Manhattan District Attorney Cyrus R. Vance, Jr., today announced the formation of the Manhattan District Attorney’s Office’s first-ever Antiquities Trafficking Unit and the return of three ancient statues to the Lebanese Republic during a repatriation ceremony attended by the Consul General of Lebanon in New York, Majdi Ramadan, and ICE Homeland Security Investigations (“HSI”) Special Agent-in-Charge Angel M. Melendez.
“Since 2012, my Office has recovered several thousand trafficked antiquities collectively valued at more than $150 million, including the beautiful stolen statues being returned to the Lebanese Republic today,” said District Attorney Vance. “When you put a price tag on these artifacts, however, it is all too easy to forget that these are not just valuable collector’s items—these are rare, celebrated remnants of entire civilizations’ culture and history. My Office’s newly formed Antiquities Trafficking Unit is committed to stopping the trade of stolen antiquities from historic sites around the world. I thank our partners in foreign governments and law enforcement, including HSI New York, for their support.”
Consul General of Lebanon in New York Majdi Ramadan said: “I sincerely appreciate the efforts of the District Attorney of New York and his Office for their efforts to enforce the rule of law, to eliminate the illicit trafficking of antiquities, and to repatriate the three ancient statues to Lebanon.”
Angel M. Melendez, Special Agent-in-Charge of HSI New York, said: “These three pieces have travelled through the underworld of art, being recovered here in New York. Now it is time that they are returned to Lebanon, their rightful home. The trafficking of cultural property and art is a lucrative criminal enterprise that transnational criminal organizations seek to partake of to make a profit; nonetheless, the cultural significance and worth of these returned treasures is beyond any monetary value.”
This year, the Manhattan District Attorney’s Office seized several artifacts pursuant to search warrants and an ongoing joint investigation with partners in local and international law enforcement into the trafficking of stolen antiquities, including:
- Torso E1912: In November, a marble torso, circa the 4th century B.C.E., was recovered from a private owner who acquired it after the statue was excavated in the 1970s from the Temple of Eshmun, an ancient place of worship near Sidon in southwestern Lebanon. The item was subsequently stolen during the Lebanese Civil War and sold by an antiquities dealer before being shipped to New York.
- The Calf Bearer: In October, another marble torso, circa the 6th century B.C.E. and valued at approximately $4.5 million, was recovered from a private owner who acquired the artifact after it too was excavated from the Temple of Eshmun in the 1970s, stolen during the Lebanese Civil War, and sold to private collectors.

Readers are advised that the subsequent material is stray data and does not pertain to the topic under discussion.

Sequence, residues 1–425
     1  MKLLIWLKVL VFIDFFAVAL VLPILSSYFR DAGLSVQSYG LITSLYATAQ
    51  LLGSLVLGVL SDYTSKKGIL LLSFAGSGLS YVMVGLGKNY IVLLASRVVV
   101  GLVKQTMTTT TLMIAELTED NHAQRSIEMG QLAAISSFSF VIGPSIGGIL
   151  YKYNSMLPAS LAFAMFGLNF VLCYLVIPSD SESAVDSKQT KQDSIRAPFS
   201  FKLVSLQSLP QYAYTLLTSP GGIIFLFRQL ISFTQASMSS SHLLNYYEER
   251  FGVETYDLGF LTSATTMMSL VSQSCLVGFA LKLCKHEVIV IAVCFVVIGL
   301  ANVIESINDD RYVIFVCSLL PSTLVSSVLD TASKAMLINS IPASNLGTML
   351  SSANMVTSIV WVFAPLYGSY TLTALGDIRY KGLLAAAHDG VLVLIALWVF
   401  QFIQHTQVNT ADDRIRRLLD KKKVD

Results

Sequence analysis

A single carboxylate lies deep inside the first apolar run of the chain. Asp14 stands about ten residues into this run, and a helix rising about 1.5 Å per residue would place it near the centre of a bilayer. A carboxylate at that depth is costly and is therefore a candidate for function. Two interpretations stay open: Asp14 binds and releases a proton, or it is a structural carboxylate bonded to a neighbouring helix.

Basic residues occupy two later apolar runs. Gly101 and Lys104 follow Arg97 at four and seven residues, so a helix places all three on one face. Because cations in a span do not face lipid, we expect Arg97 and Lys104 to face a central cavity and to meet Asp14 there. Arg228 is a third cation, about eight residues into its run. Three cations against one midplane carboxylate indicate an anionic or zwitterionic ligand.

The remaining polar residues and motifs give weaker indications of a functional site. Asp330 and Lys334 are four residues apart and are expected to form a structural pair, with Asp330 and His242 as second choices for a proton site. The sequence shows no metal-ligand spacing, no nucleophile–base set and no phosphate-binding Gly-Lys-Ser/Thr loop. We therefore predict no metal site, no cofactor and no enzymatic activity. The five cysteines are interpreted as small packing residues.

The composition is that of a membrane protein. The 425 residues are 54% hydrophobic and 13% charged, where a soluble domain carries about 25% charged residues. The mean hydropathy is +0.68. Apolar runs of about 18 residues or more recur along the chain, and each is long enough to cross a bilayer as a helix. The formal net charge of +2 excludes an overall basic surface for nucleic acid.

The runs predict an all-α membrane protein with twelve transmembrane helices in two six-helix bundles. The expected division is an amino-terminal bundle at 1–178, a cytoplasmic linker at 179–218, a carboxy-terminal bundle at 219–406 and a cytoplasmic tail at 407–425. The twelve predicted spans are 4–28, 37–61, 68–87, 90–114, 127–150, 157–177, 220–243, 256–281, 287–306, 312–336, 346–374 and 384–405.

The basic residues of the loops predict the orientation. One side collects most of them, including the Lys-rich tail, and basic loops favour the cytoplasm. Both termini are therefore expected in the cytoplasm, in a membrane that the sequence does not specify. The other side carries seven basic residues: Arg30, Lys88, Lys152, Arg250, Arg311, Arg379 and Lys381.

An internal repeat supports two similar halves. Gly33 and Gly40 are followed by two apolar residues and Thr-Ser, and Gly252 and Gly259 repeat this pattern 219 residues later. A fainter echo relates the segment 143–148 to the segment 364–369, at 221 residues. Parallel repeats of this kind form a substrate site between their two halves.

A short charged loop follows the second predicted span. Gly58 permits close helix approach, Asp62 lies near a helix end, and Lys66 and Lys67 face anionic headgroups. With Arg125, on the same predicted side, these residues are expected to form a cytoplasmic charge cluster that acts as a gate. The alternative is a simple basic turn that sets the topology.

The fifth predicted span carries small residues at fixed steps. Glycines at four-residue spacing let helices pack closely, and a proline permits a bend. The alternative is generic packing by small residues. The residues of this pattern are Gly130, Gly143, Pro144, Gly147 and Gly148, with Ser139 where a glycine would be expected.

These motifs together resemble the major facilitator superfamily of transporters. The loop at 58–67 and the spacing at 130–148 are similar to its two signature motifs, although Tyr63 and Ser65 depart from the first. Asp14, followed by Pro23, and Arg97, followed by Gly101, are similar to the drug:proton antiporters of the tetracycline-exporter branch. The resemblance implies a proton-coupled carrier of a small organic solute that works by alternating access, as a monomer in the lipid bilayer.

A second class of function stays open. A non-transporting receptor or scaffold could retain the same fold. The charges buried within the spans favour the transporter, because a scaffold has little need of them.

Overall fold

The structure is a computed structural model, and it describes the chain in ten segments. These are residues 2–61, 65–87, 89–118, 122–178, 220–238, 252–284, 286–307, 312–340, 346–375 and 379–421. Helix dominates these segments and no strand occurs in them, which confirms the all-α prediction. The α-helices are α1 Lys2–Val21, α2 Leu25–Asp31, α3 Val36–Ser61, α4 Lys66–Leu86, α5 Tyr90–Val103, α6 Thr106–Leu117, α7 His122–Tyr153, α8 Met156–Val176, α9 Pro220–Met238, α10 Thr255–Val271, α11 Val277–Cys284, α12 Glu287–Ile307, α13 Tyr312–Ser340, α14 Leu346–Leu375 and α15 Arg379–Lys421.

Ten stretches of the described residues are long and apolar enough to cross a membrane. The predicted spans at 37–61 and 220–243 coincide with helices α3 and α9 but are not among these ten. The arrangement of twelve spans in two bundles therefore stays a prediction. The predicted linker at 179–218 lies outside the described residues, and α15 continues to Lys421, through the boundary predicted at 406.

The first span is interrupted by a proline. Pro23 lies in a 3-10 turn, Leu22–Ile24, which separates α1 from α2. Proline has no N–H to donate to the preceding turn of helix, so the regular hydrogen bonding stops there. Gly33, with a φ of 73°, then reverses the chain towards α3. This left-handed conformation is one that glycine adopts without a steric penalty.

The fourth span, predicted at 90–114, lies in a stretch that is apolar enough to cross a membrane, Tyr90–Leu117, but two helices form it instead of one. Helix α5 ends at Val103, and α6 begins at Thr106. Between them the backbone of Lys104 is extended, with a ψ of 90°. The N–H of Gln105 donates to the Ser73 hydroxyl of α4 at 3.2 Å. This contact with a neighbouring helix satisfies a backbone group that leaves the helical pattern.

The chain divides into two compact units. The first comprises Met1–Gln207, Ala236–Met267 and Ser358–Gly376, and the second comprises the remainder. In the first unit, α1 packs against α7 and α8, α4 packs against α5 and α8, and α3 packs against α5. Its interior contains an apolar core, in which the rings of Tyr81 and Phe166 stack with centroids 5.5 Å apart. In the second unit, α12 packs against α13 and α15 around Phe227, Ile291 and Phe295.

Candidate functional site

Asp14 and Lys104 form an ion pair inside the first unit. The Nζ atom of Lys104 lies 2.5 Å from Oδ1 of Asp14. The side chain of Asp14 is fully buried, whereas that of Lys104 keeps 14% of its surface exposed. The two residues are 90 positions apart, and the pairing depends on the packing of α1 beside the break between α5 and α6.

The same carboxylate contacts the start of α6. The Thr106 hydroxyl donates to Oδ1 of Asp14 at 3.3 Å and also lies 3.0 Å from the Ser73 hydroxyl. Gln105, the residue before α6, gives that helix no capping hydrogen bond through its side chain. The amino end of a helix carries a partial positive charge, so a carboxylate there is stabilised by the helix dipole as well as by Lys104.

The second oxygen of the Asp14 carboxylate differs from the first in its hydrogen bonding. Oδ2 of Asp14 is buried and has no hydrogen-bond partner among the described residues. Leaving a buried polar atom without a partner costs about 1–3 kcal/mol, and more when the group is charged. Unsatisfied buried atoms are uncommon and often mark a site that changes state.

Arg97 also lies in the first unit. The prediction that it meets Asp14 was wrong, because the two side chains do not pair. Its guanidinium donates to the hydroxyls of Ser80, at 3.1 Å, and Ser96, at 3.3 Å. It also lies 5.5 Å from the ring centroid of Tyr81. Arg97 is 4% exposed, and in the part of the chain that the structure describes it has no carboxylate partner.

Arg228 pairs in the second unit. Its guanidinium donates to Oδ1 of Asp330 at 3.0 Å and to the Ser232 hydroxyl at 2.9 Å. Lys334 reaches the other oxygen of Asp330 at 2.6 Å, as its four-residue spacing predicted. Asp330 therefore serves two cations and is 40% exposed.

- The Bull’s Head: In July, a marble bull’s head, circa 360 B.C.E. and valued at approximately $1.2 million, was recovered from the Metropolitan Museum of Art, where it was on loan for display by a private collector who acquired the statue after it was also was excavated from the Temple of Eshmun in the 1960s, transferred to the Byblos Citadel in Jubayl, stolen during the Lebanese Civil War, and sold to private collectors.
All of the items were seized pursuant to judicially authorized warrants, but were thereafter forfeited once the owners were presented with evidence that the artifacts had been stolen from Lebanon.
Antiquities Trafficking Unit
To date, the Manhattan District Attorney’s Office has recovered several thousand stolen antiquities collectively valued at more than $150 million, many of which have been returned to their rightful owners and repatriated to their countries of origin. These items include a Roman mosaic excavated from the Ships of Nemi; bronze figurines and pottery pieces; an Etruscan relicstolen from the site of a historic necropolis known as the “City of the Dead”; a marble sarcophagus fragment; a Buddhist sculpture stolen from an archaeological dig site; and a set of ancient Greek coins, among others.
The formation of the Antiquities Trafficking Unit formalizes the collaborative processes and partnerships that led to these successful recoveries. When a new matter is brought to the attention of the assistant district attorneys, analysts, and paralegal who staff the unit, a team is assigned to collect information about the origin of the item in question, potential criminality with respect to its possession, and the trafficking network, where applicable, associated with the movement of the artifact. From there on, members of the unit work closely with partners in law enforcement and foreign governments to gather the evidence needed to seize the item, prosecute criminal offenders, and return the artifact to the rightful owner.
Assistant District Attorney Matthew Bogdanos, Senior Trial Counsel, and Assistant District Attorney Christopher Hirsch handled the recovery of the artifacts, with the assistance of Antiquities Trafficking Analysts Mackenzie Priest and Alexa Marino, and Paralegal David Chardack.
District Attorney Vance thanked the following agencies and individuals for their assistance with the matter: the Consulate General of Lebanon in New York; HSI, and in particular, Special Agents John Paul Labbat and Robert Mancene; the Office of the U.S. Attorney for the Eastern District of New York, and in particular, Assistant U.S. Attorney Karin Orenstein; Professor of Art Law Leila A. Amineddoleh at Fordham University School of Law, St. John’s University School of Law, and New York University; Executive Director of the Antiquities Coalition Terressa Davis; Professor Rolf Stucky, former Head of the Department of Classical Archaeology at the University of Basel, Switzerland; and Director of the National Museum of Beirut, Anne-Marie Afeiche.